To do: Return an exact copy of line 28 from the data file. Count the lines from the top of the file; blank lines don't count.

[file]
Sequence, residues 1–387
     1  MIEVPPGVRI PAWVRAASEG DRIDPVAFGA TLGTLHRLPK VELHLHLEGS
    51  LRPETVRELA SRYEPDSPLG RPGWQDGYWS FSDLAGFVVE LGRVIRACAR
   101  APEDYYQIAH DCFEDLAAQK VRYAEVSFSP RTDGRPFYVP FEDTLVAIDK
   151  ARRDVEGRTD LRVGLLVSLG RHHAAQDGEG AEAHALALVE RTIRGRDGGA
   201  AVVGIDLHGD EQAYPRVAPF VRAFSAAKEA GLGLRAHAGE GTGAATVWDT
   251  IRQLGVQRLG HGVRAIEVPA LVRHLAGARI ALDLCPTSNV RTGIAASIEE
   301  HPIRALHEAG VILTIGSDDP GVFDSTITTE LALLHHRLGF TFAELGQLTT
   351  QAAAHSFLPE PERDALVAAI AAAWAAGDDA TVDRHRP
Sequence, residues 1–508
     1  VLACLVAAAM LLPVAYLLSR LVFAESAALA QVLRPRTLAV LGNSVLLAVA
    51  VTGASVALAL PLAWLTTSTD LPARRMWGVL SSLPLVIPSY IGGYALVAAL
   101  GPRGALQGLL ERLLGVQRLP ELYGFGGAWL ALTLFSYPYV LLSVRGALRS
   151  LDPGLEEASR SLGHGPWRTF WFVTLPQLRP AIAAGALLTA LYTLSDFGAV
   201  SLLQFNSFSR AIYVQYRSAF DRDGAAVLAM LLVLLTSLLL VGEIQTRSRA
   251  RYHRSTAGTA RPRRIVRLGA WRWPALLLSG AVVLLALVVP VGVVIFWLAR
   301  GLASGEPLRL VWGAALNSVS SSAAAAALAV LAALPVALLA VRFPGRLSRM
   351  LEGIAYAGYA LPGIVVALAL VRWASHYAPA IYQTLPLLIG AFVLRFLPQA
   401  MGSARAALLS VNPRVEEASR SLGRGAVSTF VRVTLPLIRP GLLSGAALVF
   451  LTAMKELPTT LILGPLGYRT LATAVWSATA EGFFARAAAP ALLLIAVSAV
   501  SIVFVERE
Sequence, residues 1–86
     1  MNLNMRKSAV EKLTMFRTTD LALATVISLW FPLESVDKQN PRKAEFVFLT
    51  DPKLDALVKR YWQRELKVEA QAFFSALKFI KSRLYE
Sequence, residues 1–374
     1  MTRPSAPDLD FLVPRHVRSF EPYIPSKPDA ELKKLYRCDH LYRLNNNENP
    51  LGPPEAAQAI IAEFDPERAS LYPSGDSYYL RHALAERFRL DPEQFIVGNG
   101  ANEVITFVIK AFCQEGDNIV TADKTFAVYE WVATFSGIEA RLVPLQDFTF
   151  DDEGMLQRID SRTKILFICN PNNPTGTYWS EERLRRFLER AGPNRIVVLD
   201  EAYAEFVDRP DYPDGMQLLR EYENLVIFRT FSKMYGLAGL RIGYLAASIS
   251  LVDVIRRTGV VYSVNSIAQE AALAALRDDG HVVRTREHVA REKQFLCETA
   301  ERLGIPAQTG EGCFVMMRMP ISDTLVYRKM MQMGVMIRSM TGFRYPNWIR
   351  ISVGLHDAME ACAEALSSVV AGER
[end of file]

   101  ANEVITFVIK AFCQEGDNIV TADKTFAVYE WVATFSGIEA RLVPLQDFTF